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ATM produces surprising result when people swipe their card: 'Why should I spend on drinking water?'

"Im also improving the lives of people in my neighborhood."

"Im also improving the lives of people in my neighborhood.”

Photo Credit: Safe Water Network

When Somarathi Sindhuja invested in a "water ATM" near her home in south India, she never dreamed it would have such a positive impact on her and her community. 

As the nonprofit online magazine Reasons to be Cheerful reported, Sindhuja's "public service business" provides clean drinking water for residents within two miles of her home in Warangal, Telangana, a drought-prone south Indian state. 

When Sindhuja had the opportunity to become a "rural water entrepreneur" seven years ago, she put about $2,400 toward the business venture.

Per Reasons to be Cheerful, she's one of 350 such entrepreneurs trained and assisted by the American nonprofit Safe Water Network (SWN), which provides water ATM owners with all the necessary technical and marketing knowledge to run the business. The entrepreneurs just have to source the water and business space. 

The ATM is inside an iJal (My Water) station, where customers can pay about $0.07 for 20 liters — or just over five gallons — of fresh, filtered water. 

These water stations give communities access to safe, affordable drinking water that costs about half as much as they'd pay commercial tanker owners and around ten times less than bottled water. Plus, the business provides life-changing opportunities to women.

"I earn about Rs 15,000 to 20,000 (roughly $180 to $240 US) per month from this, which is amazing as there are hardly any jobs available to women like me here," Sindhuja told the magazine. "And I'm also improving the lives of people in my neighborhood."

Water ATMs are much-needed in Warangal, which is plagued by frequent droughts and unsafe drinking water. Poonam Sewak, SWN's vice president for programs and partnerships, told Reasons to be Cheerful that an estimated 63 million Indians lack access to clean drinking water. 

However, the Indian government set a target to provide tap water to all rural households by the end of the year and has made significant progress. As of April 9, 75% of rural homes had tap connections. Still, Sewak said the water needs to be purified and treated before it's safe for consumption.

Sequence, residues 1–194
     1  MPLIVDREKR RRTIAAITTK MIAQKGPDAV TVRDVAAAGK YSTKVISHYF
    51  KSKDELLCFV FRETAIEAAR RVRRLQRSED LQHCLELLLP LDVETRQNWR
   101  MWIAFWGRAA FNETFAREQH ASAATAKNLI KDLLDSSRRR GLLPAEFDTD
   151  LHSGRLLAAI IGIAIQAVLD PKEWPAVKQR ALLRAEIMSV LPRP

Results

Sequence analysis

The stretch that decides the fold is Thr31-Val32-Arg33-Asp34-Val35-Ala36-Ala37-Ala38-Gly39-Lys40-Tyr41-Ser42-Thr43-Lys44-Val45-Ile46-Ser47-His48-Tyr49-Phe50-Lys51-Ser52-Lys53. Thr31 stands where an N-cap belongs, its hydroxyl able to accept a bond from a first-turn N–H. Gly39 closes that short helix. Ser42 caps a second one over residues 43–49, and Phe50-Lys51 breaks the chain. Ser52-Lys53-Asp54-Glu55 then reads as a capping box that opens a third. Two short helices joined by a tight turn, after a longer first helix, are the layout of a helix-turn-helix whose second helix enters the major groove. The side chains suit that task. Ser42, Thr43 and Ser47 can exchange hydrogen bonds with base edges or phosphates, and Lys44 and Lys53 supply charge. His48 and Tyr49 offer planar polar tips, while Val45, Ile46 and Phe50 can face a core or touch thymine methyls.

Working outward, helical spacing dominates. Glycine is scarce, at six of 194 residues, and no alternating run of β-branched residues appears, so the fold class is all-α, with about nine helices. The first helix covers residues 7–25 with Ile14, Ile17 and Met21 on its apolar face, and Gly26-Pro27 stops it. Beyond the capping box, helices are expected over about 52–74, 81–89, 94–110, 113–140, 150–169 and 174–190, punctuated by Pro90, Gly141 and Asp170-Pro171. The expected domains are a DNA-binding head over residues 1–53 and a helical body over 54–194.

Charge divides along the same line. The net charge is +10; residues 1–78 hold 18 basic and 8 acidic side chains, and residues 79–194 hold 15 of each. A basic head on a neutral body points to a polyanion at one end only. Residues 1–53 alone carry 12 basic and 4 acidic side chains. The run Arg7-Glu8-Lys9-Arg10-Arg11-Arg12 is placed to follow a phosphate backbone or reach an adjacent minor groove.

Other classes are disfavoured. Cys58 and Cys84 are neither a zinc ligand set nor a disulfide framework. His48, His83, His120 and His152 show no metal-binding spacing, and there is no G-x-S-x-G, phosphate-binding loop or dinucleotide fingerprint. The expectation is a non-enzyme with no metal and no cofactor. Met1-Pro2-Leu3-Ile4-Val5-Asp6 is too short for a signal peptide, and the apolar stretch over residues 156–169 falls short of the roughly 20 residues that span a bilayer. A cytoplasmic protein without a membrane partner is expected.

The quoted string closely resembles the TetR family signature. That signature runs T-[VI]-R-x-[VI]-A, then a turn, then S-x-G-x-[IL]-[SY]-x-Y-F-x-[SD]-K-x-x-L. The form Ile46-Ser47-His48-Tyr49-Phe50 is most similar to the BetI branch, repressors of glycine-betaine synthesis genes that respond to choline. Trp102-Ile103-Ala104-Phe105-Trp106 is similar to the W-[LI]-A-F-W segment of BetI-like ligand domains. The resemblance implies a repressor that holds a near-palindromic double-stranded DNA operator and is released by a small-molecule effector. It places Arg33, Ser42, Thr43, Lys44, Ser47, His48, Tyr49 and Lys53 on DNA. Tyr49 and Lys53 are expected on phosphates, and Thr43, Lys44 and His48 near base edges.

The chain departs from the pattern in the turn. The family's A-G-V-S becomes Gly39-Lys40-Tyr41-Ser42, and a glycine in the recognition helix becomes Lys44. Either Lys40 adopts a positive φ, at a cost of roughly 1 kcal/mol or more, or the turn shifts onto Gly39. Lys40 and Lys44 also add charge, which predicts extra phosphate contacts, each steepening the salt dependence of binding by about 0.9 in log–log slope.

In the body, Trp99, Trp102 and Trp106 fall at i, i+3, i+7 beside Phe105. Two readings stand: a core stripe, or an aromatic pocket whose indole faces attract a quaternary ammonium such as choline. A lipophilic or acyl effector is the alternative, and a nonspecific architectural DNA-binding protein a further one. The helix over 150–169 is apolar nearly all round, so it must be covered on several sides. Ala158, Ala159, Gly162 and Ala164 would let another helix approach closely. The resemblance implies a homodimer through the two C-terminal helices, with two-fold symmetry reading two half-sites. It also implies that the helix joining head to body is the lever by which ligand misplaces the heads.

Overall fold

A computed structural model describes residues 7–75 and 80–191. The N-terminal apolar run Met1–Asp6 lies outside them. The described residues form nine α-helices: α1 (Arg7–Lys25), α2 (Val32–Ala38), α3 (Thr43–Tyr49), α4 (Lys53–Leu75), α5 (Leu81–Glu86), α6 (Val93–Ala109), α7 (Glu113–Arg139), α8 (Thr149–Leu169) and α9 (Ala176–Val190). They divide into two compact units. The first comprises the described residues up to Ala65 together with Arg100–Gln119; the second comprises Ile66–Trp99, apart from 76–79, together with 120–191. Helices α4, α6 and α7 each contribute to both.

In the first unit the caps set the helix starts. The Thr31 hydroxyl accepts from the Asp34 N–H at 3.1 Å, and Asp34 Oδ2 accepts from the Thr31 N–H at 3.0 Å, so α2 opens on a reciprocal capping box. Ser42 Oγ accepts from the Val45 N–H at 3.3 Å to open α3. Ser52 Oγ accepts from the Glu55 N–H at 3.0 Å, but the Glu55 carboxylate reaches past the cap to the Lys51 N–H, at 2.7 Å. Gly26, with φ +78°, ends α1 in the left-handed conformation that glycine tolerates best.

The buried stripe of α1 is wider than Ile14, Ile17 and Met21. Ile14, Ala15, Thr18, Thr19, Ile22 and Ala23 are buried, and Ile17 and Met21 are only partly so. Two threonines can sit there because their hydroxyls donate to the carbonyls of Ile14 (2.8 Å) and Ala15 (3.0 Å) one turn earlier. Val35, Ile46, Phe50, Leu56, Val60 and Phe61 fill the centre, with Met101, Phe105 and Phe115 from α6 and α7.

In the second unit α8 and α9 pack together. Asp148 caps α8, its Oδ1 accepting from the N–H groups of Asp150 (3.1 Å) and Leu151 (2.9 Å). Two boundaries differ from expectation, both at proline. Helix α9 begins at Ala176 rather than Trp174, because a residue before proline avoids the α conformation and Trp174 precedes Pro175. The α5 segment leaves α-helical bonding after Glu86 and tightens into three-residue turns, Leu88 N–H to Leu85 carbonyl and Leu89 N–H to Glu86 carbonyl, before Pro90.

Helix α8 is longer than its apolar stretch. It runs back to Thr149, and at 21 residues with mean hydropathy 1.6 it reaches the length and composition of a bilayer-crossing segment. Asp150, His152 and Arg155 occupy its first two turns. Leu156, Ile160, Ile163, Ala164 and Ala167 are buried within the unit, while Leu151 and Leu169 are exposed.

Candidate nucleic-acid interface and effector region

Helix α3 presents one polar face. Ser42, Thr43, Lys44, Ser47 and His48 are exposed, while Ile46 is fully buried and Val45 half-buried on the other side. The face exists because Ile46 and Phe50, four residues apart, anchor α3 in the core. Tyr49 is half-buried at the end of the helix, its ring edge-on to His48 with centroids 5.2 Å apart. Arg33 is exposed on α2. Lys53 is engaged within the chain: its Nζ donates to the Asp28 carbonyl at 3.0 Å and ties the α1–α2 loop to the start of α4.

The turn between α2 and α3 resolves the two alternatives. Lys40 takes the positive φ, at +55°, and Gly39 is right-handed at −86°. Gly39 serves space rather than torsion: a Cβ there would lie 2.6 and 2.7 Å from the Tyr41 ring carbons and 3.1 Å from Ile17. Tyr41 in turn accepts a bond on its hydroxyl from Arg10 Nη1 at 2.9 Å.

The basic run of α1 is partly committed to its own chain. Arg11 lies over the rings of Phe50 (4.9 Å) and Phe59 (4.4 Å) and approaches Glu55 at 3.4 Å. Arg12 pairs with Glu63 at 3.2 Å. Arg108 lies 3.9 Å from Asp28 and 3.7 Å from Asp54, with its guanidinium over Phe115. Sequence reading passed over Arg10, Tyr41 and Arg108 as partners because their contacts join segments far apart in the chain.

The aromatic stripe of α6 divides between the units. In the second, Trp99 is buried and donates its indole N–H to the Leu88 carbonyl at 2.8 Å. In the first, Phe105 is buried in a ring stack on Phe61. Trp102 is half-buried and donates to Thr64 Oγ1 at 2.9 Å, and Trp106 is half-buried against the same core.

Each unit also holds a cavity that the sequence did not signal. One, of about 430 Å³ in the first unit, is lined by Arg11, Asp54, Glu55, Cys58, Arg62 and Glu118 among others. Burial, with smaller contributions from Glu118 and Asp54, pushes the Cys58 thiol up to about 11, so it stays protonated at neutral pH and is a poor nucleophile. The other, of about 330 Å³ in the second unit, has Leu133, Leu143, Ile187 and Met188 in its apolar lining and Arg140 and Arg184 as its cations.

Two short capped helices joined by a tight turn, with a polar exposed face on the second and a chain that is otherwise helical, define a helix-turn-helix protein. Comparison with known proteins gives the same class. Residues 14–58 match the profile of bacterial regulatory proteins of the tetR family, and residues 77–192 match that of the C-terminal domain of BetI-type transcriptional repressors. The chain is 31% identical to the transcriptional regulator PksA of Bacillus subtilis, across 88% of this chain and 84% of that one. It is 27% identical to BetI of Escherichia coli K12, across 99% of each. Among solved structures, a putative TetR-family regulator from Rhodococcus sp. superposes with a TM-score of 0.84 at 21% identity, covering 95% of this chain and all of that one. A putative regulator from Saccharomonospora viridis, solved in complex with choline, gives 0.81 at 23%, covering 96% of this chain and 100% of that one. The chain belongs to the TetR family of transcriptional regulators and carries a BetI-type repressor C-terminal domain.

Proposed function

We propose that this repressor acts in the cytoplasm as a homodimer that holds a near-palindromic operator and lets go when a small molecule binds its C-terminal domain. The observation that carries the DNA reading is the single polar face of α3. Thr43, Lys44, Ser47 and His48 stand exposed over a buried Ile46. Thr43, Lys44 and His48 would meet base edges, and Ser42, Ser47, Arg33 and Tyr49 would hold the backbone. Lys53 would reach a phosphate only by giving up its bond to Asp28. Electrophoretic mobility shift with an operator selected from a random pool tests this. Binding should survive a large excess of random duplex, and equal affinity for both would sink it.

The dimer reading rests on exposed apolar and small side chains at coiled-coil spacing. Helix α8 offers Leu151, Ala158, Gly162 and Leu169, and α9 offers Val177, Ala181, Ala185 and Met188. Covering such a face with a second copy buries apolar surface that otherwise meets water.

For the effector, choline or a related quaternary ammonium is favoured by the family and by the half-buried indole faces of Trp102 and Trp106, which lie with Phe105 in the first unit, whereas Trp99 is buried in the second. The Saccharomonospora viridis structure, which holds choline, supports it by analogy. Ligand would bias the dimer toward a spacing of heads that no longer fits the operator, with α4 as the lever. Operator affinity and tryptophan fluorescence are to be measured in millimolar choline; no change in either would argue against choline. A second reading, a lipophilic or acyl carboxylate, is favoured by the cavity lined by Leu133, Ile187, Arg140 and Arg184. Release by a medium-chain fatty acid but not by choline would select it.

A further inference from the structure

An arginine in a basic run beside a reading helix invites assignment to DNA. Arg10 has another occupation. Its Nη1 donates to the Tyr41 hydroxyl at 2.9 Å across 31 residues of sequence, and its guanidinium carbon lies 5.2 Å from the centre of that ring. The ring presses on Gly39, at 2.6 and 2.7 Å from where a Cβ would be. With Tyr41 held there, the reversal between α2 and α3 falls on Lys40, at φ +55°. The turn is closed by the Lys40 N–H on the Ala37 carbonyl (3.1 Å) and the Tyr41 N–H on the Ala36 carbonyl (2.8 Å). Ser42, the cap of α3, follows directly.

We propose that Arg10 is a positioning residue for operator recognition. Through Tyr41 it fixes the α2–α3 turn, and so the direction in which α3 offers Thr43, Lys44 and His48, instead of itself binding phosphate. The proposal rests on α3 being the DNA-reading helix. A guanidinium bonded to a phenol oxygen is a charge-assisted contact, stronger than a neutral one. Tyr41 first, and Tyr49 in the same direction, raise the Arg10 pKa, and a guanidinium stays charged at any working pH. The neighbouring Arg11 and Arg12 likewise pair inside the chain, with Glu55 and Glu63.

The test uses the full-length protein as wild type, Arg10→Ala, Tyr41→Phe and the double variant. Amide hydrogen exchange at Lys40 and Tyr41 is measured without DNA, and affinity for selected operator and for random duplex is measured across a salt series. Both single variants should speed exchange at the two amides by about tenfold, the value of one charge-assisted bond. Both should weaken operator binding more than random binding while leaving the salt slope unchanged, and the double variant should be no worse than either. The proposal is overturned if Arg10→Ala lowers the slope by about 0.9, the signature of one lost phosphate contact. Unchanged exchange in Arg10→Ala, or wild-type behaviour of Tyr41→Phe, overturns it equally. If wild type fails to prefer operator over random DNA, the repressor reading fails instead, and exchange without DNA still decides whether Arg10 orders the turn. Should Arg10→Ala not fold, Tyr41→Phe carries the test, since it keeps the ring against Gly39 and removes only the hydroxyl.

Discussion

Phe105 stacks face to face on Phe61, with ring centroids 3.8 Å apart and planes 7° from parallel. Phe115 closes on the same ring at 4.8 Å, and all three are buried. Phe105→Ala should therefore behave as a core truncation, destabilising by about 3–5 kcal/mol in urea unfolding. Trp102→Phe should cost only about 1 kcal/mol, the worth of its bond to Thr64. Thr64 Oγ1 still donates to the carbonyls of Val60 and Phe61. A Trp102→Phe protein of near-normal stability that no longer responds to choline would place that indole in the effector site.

The online magazine detailed that SWN trains entrepreneurs to operate a reverse osmosis water filtration unit, which cleans water from wells or borewells. Sindhuja estimates that around 200 customers stop by daily, though some have been reluctant to buy water. 

"Why should I spend on drinking water?" they would ask. To help ease their concerns, SWN began conducting public education to teach people about the importance of safe drinking water

The outreach programs seem to be working, as many families have noticed improved health since drinking water from the ATMs. 

According to a 2020 Safe Water Network impact assessment report, waterborne diseases decreased from 34% to 23% over three years for iJal station customers in Telangana. In addition, 63% of users reported having fewer medical expenses, and 73% had improved school attendance. 

So far, SWN has provided 1.3 million people in India with safe drinking water and aims to expand its impact to 50 million people by 2026. 

As Sindhuja's inspiring story shows, supporting eco-friendly initiatives and companies can transform lives and help create a healthier future for all. 

"Reverse osmosis filters are expensive to run at home. My water ATM offers a cheaper and equally good alternative," Sindhuja told Reasons to be Cheerful. "Today, the iJal station supports me and my family, and together we support our entire neighborhood."

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